President Barack Obama has released his proposed budget for 2014. It is aimed at alleviating some of the budgetary panic as a result of the sequester’s across-the-board cuts signed into effect on March 1st2,3 and contains increased funding for a variety of programs within the National Institutes of Health (NIH). Science Insider3 reports that the proposed plan would provide an additional 1.5% increase of $31.3 billion compared with that of 2012 and a 6.8% increase over the 2013 sequestered fiscal year.
As a part of this plan, researchers involved in proteomics work would benefit from an increase in $80 million given to the National Institute on Aging. This funding would be given to study drug development for Alzheimer’s. A total of $50 million (a $40 million increase) would go to The Cures Acceleration Network, which is part of the National Center for Advancing Translational Sciences, and also has applications to proteomics work.
Another increase of funding would come to researchers beginning their career in any field, including proteomics. The National Research Service Awards program, which funds stipends for postdoctoral trainees and fellows, would increase stipends to $42,000 annually with 4% increases for each subsequent level of experience. This is an increase in 1.8% from fiscal year 2012, though the number of trainees supported by these stipends would dip by 108. In addition, the proposed budget also would increase the number of new grants funded to 10,269, which is 351 additional grants, compared with those awarded in 2012. Another $32 million would go to encouraging minorities to pursue biomedical research careers.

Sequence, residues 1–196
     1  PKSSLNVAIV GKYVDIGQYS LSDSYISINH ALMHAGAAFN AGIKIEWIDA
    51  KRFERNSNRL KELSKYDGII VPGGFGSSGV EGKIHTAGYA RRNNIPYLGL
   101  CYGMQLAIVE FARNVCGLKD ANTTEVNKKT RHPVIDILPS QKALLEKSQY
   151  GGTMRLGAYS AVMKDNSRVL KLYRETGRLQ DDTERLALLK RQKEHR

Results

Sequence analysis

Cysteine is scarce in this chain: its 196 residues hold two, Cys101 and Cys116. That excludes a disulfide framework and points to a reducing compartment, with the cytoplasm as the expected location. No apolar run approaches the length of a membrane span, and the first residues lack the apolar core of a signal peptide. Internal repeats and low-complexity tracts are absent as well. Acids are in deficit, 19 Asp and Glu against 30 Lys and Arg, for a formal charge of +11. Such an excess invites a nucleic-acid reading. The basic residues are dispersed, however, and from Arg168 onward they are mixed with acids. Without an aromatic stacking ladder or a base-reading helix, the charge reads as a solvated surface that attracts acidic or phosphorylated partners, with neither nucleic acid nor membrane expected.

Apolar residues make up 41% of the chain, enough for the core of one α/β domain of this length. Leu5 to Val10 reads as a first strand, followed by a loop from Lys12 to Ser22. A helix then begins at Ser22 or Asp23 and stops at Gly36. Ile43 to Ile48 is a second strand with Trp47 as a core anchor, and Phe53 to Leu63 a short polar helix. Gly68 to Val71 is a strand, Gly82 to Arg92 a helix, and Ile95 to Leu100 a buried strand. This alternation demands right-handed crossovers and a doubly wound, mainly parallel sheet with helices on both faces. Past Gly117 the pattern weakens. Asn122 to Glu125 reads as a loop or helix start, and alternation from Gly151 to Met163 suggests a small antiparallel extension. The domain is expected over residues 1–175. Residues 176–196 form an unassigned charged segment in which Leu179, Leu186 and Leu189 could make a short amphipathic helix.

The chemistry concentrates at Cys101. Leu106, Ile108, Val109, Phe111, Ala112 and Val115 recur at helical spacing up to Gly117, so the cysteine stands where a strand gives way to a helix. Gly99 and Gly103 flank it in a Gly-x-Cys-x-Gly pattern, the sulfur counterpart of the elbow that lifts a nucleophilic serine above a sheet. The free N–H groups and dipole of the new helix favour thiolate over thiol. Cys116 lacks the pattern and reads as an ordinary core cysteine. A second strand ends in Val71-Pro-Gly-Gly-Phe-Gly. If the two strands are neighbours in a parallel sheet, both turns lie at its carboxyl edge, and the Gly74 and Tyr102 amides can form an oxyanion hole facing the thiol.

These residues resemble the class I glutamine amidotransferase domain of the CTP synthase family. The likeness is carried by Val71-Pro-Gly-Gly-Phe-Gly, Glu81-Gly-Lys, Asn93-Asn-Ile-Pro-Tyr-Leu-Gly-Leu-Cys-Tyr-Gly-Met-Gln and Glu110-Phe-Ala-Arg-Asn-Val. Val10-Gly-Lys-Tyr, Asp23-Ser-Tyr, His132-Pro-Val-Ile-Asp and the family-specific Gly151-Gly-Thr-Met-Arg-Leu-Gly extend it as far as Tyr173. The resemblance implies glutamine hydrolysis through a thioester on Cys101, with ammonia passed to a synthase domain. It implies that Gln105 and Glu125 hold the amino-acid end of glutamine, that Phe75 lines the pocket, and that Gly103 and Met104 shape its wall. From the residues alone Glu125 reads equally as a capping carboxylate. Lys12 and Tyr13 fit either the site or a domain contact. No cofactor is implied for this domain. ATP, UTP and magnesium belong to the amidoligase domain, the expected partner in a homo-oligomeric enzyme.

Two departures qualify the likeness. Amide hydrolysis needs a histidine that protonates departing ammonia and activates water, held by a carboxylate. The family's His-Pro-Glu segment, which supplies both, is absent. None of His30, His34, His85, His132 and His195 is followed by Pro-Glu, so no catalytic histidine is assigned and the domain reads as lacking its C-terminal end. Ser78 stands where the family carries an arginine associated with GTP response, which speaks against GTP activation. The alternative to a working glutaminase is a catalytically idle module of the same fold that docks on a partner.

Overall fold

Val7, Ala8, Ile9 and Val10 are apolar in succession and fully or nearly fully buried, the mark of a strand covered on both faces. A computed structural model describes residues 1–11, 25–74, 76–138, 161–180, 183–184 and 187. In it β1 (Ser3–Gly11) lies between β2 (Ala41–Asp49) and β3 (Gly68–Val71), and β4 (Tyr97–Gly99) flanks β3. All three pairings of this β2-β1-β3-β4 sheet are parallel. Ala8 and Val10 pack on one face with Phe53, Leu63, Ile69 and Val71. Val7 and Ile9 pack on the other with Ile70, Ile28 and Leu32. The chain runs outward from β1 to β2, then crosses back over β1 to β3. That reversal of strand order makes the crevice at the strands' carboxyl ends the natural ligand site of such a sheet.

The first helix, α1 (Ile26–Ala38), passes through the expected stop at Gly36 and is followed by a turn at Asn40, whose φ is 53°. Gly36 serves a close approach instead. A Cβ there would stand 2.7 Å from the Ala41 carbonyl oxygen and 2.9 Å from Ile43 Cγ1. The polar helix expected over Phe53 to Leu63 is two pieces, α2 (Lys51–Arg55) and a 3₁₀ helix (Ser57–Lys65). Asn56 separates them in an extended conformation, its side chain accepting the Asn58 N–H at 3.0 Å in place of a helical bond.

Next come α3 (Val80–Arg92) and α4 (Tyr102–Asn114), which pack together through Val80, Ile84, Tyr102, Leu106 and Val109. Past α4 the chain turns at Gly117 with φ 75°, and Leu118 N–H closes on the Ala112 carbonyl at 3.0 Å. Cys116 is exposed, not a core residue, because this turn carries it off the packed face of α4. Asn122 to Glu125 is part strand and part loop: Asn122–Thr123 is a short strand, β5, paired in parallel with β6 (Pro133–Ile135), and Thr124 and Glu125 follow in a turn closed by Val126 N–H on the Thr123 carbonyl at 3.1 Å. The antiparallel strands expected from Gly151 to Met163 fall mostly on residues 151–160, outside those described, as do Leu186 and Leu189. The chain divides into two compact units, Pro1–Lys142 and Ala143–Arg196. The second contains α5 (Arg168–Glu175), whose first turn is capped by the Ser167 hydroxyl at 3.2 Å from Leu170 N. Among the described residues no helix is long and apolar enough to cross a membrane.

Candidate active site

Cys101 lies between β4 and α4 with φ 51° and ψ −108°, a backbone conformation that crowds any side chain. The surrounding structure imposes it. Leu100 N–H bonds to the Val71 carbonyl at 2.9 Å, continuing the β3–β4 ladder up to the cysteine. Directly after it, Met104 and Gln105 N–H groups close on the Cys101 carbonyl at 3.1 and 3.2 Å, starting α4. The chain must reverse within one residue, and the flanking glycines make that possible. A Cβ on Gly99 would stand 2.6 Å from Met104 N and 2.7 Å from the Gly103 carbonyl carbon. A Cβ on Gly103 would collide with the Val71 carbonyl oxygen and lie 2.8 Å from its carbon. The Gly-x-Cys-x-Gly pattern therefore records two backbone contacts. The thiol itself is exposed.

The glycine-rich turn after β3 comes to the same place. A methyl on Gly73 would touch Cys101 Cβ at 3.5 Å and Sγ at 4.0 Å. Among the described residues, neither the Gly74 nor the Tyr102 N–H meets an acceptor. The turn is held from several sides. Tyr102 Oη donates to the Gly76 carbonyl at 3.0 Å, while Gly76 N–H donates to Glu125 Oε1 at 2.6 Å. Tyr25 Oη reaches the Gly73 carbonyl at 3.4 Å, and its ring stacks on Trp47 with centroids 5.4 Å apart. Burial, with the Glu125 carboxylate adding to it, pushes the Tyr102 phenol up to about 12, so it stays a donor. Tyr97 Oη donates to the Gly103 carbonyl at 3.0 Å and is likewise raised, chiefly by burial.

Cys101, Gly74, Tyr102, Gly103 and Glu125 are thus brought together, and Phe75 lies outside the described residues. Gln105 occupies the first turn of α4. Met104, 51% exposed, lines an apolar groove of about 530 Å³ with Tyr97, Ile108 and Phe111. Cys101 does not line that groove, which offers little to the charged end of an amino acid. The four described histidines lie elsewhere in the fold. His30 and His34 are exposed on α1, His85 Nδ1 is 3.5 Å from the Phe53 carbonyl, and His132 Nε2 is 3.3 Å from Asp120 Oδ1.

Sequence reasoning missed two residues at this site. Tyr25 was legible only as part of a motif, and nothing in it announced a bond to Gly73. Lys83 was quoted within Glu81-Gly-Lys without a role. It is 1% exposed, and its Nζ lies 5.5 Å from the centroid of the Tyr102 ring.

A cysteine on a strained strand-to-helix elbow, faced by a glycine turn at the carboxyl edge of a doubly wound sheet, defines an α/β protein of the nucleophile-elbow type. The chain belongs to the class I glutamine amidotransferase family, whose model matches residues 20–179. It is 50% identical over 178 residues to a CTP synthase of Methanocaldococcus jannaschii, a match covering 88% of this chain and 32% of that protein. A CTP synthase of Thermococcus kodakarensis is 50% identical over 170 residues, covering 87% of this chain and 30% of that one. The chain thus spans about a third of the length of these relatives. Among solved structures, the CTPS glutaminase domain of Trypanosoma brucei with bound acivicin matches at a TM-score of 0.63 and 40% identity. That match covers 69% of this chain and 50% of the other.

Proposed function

According to Science Insider,3 the response of the proposed budget by NIH director Francis Collins was somewhat mixed. “Considering what we’ve been going through in FY ’13, what’s being proposed here is really gratifying,” Collins commented in a press conference. Others, such as Research!America’s CEO Mary Woolley and Dave Moore, President of the Association of American Medical Colleges, still remain concerned about the harm sequestration and yearly inflation rates will have on keeping U.S. research competitive with other nations.4 “It’s a little bit of good news, but I think it’s still very worrisome as to where this is all headed,” Moore told Science Insider.3
1. Humphreys, E. (2013) ‘Sequester concerns NIH‘, Accelerating Science, published online March 4, 2013
2. Humphreys, E. (2013) ‘Sequestration cuts threaten proteomics research‘, Accelerating Science, published online February 25, 2013
3. Science News Staff (2013) ‘Obama’s 2014 science budget: research gets some help, and hurt‘, Science, published online April 12, 2013
4. Science News Staff (2013) ‘Reactions to Obama’s science budget‘, Science, published online April 12, 2013